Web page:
Yet there is also a rich tradition of "naked" or unglazed ceramics, in which the surface of a piece is enhanced by texture, stains, burnishing or pit-firing. Artist Jane Perryman has written a
book about the history of naked clay, and her book would be a great place to start if you're interested in learning more about the subject.
Here's a link:
The best way to start the new year? Connect with a new gallery! And the Higher Art Gallery in Traverse City is not just new to me, but to the art scene in northern Michigan as well. Opening in late November of 2016, this gallery offers up a contemporary selection of artwork to join the traditional galleries in the area.
Northern Michigan is a beautiful region, and a popular tourist destination in the warmer months of the year. Most local galleries cater to the tourist crowd, selling landscape paintings and other more traditional works. Shanny Brooke, owner of Higher Art Gallery, believes her city is ready for some more diverse options. Her new venue features abstract paintings, photography and sculpture from local, national and international artists.
Soon my ceramics will also find a home in her gallery. Several sculptures and wall pieces will be on their way to Michigan by the end of February, and I'm working on a few new organic wall pieces to add to the selection. Daisy Bouquet (above) will be included in the mix, as will the Round Barnacle Wall Piece (below).
It's that time of year again! With no more warm weather, no more beautiful leaves, and no flowers to lure me outside, I am hunkering down in my basement studio, and entering my most productive phase of the year. This cold, dark dungeon of a studio transforms into a reasonably bright, but not very warm work space. I have a space heater to take off the chill, but the heat only goes so far.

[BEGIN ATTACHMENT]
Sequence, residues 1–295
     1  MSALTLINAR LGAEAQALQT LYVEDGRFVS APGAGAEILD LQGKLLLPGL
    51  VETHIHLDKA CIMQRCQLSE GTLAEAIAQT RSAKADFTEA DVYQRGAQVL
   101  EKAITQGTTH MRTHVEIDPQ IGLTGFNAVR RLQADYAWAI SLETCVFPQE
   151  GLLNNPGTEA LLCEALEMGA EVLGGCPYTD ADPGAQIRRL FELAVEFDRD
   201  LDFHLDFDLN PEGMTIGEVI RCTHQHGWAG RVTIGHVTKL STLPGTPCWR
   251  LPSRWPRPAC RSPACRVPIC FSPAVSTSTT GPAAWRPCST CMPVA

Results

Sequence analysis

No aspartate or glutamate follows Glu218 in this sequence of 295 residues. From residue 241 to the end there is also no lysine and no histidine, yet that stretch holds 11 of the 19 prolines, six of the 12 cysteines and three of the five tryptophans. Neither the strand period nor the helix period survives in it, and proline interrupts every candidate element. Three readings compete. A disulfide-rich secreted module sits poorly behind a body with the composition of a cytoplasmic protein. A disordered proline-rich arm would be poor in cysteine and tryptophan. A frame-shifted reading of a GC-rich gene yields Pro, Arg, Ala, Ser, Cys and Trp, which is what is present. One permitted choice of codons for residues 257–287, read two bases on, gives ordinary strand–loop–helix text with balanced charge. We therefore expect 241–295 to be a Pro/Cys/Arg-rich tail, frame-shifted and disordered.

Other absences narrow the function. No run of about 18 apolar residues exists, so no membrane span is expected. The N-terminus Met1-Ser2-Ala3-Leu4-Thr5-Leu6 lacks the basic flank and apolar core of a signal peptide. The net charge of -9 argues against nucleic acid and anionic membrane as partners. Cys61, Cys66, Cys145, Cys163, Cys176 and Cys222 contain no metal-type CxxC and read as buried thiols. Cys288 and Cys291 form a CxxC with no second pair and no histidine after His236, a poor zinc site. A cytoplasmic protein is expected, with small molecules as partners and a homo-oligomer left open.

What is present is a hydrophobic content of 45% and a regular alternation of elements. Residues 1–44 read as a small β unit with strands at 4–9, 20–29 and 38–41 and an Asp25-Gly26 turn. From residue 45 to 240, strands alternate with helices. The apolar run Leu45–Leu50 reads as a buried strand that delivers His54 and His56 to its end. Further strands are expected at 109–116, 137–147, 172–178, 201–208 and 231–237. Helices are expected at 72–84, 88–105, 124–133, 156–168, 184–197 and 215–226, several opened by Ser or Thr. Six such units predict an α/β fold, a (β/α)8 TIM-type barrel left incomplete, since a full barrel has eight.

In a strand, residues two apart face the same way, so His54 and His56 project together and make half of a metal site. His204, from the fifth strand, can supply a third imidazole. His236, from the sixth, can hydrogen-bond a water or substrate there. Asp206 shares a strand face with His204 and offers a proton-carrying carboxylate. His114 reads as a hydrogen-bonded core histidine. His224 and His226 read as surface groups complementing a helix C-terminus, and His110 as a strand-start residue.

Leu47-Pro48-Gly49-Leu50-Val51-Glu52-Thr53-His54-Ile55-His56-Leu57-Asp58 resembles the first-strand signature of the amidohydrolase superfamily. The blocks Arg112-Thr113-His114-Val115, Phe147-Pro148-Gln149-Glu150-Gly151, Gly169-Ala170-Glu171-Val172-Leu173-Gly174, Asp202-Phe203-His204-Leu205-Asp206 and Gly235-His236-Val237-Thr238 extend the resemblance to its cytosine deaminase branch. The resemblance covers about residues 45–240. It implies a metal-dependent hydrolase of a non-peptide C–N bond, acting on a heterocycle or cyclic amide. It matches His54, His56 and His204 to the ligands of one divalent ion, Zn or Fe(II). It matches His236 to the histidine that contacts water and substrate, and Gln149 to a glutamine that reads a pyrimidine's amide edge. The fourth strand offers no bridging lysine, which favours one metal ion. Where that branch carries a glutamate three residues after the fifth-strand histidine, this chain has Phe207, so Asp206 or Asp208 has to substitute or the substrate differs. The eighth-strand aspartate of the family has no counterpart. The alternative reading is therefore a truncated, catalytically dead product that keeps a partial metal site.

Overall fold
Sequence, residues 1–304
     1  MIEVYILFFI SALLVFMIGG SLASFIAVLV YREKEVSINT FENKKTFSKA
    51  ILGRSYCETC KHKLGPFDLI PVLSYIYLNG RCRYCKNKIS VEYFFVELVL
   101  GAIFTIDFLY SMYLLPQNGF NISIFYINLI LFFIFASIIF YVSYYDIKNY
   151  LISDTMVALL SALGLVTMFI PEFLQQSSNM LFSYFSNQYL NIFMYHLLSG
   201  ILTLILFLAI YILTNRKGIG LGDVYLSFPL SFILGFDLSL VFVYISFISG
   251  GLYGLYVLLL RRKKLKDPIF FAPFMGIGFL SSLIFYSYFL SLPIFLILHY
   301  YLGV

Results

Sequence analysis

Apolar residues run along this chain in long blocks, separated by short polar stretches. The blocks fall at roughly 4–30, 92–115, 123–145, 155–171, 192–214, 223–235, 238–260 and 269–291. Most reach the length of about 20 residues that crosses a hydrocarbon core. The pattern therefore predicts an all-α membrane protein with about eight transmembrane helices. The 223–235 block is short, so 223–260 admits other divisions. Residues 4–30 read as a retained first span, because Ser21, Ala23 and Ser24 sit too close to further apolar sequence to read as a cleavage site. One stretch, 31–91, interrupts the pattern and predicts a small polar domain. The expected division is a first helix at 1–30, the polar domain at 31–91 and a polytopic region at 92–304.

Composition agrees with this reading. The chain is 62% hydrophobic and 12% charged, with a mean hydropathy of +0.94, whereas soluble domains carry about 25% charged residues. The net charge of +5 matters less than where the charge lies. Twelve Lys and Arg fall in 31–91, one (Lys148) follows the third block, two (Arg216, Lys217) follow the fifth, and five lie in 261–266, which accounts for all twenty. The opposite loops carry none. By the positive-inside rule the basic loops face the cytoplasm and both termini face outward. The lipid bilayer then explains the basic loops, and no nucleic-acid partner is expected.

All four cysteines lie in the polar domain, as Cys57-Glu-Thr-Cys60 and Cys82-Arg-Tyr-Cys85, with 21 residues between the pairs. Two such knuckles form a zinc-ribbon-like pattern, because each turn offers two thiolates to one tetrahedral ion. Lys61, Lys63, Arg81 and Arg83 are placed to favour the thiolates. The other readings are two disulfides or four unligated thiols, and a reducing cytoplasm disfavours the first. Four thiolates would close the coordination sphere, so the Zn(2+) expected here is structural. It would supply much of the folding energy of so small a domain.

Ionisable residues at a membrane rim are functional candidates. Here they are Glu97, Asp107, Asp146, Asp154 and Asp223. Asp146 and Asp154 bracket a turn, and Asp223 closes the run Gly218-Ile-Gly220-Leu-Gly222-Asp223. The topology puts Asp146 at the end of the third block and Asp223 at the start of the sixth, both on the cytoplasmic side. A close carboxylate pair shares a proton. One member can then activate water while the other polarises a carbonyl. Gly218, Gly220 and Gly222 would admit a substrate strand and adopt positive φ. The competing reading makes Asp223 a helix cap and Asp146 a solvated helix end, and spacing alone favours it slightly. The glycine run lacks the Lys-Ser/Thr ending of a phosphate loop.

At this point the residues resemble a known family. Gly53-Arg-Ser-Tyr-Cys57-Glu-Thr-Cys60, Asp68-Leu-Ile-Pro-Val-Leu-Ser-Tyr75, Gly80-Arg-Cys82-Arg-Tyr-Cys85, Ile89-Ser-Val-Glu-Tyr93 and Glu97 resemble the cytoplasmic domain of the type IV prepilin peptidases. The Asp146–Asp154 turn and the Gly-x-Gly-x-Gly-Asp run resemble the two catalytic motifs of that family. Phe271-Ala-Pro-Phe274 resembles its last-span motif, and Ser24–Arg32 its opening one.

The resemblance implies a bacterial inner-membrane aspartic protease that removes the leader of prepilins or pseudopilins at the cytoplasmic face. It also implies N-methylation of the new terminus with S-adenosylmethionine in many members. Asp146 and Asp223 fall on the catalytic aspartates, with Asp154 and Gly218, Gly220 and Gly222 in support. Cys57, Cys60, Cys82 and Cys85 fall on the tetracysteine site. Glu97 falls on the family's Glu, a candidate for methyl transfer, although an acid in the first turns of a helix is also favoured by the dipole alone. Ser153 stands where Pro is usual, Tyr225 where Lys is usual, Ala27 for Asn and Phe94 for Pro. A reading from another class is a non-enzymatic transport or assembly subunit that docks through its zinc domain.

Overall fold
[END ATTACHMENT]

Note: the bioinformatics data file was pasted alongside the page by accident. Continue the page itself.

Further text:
Not to worry! I always keep myself bundled up and focus on the work at hand. Once I have my kiln loaded with new greenware, I get to bask in the warmth that results from the firing process, though the pleasant temperature soon wears off and then I'm back to adding extra layers of clothing. Sometimes I hear the winter wind howling outside, or I see snow piling up against my tiny basement windows, and I feel relieved to be tucked away where it's safe and at least relatively warm.
I am fortunate to have my fall chores done now, so that I can concentrate on my work without distraction. Right now I'm working on a set
of vases made of small, thin, textured slabs that I overlap and carefully join as I build each piece. I'm using a brown stoneware clay, and I plan to apply some black glaze to enhance the texture